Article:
Anyone?

Similar shifts in outlook take place here in Canada too. Canadians accepted Chretien's dictatorial attributes - which is standard stuff given the high concentration of power residing within the PM's grasp - bestowing upon him majority rule for 13 years but harp on Harper's "mean-spiritedness" and "hidden agenda" despite a minority government.

CBS Poll On Tea Party

Like this CBS poll about the Tea Party. Interesting figures.

Hardly "angry, old, white, poor, racist men" trumpeted by hasty opponents. As I suspected, a little more complex. True, most are men and white but if this movement has any real traction that may moderate along he way. It's still too soon to tell if they're for real or just a temporary motivated organization.

Speaking of tea, I find the caffeine in tea sometimes keeps me up all night. It's more powerful than espresso. I'm sure some liberals are kept all night with the prospect of Palin riding on a TP or GOP ticket. To be honest, I understand their concerns.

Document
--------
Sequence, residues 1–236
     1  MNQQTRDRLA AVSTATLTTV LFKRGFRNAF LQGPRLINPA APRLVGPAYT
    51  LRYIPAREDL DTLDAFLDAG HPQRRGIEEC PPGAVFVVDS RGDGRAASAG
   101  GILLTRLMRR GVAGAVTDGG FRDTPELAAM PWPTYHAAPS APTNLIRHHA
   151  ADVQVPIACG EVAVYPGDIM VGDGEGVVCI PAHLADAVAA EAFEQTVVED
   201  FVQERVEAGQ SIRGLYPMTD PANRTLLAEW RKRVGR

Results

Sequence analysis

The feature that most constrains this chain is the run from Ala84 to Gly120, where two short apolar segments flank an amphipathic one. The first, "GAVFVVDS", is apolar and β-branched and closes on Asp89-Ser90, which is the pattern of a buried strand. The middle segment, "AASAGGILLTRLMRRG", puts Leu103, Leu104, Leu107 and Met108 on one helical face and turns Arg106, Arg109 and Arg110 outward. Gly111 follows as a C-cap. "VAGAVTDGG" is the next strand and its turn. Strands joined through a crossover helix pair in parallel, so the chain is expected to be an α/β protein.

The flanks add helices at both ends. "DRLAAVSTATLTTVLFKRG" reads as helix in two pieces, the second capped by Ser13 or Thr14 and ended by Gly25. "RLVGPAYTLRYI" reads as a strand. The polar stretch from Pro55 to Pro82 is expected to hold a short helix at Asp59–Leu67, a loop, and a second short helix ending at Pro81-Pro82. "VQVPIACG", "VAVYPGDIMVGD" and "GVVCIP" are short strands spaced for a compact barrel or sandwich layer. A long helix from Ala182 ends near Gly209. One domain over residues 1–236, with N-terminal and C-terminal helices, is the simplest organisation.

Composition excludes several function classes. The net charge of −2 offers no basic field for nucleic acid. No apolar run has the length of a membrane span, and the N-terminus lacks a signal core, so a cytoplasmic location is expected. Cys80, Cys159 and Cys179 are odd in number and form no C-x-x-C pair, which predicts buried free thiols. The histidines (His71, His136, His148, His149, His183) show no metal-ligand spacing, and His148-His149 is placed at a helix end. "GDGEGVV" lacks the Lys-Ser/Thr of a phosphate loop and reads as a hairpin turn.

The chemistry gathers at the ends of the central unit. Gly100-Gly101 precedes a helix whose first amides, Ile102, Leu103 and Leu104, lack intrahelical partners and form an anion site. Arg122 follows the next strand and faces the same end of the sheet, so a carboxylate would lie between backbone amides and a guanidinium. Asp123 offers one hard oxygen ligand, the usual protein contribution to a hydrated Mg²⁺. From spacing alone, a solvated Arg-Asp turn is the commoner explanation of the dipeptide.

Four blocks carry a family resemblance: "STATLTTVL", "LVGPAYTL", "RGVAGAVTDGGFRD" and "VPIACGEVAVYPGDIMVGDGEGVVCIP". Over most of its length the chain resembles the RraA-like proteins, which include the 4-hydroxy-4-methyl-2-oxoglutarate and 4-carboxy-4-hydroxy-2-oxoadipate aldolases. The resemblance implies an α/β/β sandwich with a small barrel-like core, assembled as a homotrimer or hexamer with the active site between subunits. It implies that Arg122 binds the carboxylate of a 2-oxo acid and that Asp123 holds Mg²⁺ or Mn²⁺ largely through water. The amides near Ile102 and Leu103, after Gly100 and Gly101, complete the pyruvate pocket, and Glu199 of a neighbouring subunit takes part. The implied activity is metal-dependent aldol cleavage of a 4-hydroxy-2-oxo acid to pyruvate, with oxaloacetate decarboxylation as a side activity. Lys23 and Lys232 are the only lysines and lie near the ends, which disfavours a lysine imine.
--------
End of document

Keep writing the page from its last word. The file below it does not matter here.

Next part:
The More Perspectives The Better

When will the McLoughlin Group bring in a pundit from the libertarian ranks on the panel? Say, from Reason magazine.

Generally, the show generally has a stable cast of two leftist liberals and two rightist conservatives hammering one another in a game of one upmanship. If Motherjones gets representation why not someone outside the socialist/liberal/conservative clique?

Clinton's Words Matter Too

Words do matter. Yet, the former President - who still hasn't had the good grace to fade away with Presidential dignity - presents us with his own specious logic. I don't necessarily disagree with the basic tenet but his analogies ring hollow. 

Attempting to connect Rush Limbaugh and/or the Tea Party movement to radical domestic terrorism is quite an assertion to make without a shred of evidence. Especially coming from a politician who capitalized politically on the tragedy of Oklahoma tragedy. Clinton can't protect his legacy forever from the "vast right-wing conspiracy." And more here.//volokh.com/2010/04/19/the-clinton-terror-bill/#comments

Of course, this argument works in reverse. The right shouldn't play similar games.